For a very different sunrise experience, head to Jumunjin, a fishing cove several kilometers north of downtown Gangneung. At the waterfront, dawn is the busiest time of day as crews hurriedly unload the night’s harvest before the morning auction, when local merchants and restaurants bid on the fresh catch. Foodies will tell you the sprawling Jumunjin Seafood Market is one of the best places to score fresh, cheap seafood. Even if you’re not a fish person, the sights and sounds are worth the early wake-up.
One of eastern Korea’s administrative centers for centuries, Gangneung exudes gentility. The town has produced more than its fair share of thinkers, statesmen and artists, and it’s proud of it.
Gangneung’s most famous residents were the Joseon Dynasty philosopher Yi I (1536-1584) and his mother, the artist, calligrapher and writer Shin Saimdang (1504-1551). Scholars consider Yi to be one of the Joseon Dynasty’s two greatest Confucian thinkers, along with his near contemporary Yi Hwang. Shin was an accomplished artist who was long held up as the model of Confucian womanhood. Tellingly, the portraits of both Yi and Shin adorn banknotes: the KRW 5,000 and KRW 50,000 notes, respectively.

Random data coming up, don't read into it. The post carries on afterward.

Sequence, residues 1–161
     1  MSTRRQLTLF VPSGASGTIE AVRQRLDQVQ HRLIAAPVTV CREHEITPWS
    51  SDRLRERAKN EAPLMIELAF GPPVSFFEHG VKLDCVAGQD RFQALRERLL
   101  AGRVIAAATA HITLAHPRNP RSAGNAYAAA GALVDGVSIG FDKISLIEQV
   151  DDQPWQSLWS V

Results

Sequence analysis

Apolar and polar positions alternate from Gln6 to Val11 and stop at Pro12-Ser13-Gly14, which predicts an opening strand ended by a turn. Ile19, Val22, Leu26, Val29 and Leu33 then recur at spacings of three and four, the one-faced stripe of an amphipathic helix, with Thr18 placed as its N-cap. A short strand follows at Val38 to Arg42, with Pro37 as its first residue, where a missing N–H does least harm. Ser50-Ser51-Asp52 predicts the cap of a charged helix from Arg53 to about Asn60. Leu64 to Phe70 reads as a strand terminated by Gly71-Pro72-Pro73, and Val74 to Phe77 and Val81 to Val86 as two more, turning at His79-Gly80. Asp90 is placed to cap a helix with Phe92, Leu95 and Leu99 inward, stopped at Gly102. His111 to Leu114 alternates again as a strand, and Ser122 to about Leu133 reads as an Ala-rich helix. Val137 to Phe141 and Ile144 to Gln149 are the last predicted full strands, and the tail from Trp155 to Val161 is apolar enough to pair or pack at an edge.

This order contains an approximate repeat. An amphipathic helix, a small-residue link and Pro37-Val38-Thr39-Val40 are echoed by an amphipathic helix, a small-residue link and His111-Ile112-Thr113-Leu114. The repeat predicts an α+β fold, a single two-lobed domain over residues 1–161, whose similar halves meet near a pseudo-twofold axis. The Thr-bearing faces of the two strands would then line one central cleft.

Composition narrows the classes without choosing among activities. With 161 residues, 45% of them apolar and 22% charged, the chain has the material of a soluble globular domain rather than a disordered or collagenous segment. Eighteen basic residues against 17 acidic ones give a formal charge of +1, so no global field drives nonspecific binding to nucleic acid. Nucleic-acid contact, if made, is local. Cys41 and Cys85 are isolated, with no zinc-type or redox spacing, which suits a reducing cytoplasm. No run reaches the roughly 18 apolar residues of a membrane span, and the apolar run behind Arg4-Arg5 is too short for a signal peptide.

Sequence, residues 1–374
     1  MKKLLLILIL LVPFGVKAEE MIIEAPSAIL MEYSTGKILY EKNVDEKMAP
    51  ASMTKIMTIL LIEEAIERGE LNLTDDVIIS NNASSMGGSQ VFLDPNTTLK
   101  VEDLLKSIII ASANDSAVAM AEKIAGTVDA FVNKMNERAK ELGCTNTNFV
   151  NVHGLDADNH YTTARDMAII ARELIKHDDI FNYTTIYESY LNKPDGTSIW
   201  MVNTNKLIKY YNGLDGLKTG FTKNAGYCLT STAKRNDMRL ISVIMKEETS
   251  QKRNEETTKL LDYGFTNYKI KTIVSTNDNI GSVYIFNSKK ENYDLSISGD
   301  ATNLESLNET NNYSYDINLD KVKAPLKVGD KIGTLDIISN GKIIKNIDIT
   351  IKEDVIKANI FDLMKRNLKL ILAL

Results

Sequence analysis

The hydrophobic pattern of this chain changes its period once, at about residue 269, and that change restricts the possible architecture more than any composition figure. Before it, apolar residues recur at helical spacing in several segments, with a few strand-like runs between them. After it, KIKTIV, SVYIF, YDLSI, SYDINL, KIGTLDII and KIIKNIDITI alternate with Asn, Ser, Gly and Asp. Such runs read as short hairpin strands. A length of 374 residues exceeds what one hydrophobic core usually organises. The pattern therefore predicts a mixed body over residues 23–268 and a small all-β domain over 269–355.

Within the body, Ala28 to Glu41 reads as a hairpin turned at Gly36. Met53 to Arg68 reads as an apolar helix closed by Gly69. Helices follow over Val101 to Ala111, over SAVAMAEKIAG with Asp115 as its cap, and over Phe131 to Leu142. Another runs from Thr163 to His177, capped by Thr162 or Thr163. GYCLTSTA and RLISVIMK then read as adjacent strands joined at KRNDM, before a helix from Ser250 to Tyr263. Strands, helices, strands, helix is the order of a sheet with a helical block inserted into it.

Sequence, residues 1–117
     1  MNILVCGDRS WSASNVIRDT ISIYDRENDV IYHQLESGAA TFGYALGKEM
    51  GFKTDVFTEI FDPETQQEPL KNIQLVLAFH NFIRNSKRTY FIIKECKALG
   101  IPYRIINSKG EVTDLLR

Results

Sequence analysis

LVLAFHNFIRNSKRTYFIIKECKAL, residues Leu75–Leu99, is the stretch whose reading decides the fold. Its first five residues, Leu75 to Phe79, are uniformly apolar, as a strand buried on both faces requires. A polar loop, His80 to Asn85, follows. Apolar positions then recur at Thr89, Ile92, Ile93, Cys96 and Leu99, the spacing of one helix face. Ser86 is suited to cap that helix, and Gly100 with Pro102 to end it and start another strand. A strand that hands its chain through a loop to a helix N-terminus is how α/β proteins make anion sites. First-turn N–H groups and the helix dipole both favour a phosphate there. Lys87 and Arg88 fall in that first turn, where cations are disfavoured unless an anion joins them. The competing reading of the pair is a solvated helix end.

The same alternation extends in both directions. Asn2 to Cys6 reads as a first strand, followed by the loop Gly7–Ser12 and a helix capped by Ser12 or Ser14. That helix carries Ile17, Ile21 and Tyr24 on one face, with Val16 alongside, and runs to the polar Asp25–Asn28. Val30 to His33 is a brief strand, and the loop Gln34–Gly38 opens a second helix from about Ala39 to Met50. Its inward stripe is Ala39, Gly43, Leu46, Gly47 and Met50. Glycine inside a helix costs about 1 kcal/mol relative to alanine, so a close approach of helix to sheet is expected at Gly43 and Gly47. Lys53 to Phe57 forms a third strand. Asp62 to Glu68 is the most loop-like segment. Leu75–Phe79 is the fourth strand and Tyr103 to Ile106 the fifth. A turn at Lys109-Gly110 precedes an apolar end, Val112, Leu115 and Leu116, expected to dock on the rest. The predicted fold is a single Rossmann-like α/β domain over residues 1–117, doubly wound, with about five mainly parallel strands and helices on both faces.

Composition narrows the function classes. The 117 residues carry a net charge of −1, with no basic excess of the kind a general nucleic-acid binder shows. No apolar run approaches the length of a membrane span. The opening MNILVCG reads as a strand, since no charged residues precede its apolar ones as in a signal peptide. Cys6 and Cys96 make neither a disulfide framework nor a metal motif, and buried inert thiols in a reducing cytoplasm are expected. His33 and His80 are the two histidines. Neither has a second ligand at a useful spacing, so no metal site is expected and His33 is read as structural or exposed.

Their old home, the Okjuheon, is a short drive outside of town, just off the road to Gyeongpo Beach. Much of the historic villa, named for its grove of black bamboo, is a modern restoration, but a handful of original structures reveal the simple elegance of the era.
A 10 minute walk from the Okjuheon is the Seongyojang, one of the largest surviving Joseon Dynasty manors in the country. It’s no mere museum piece, either. The sprawling mansion has been the home of the Naebeon Yi clan for 10 generations, and members of the family reside in it to this day. Its lotus pond, overlooked by a handsome wooden pavilion, is a masterpiece of Korean architecture.
Downtown Gangneung has its history, too. In the heart of the old downtown are the Chilsadang, a 19th-century government office, and the Imyeonggwan, a Joseon Dynasty guesthouse. The later’s gate, erected in the late Goryeo Dynasty (918-1392), is one of Korea’s oldest wooden structures. The old downtown has many charming old alleyways lined by weathered colonial era buildings, some of which have been re-purposed as cafés and other cultural spaces.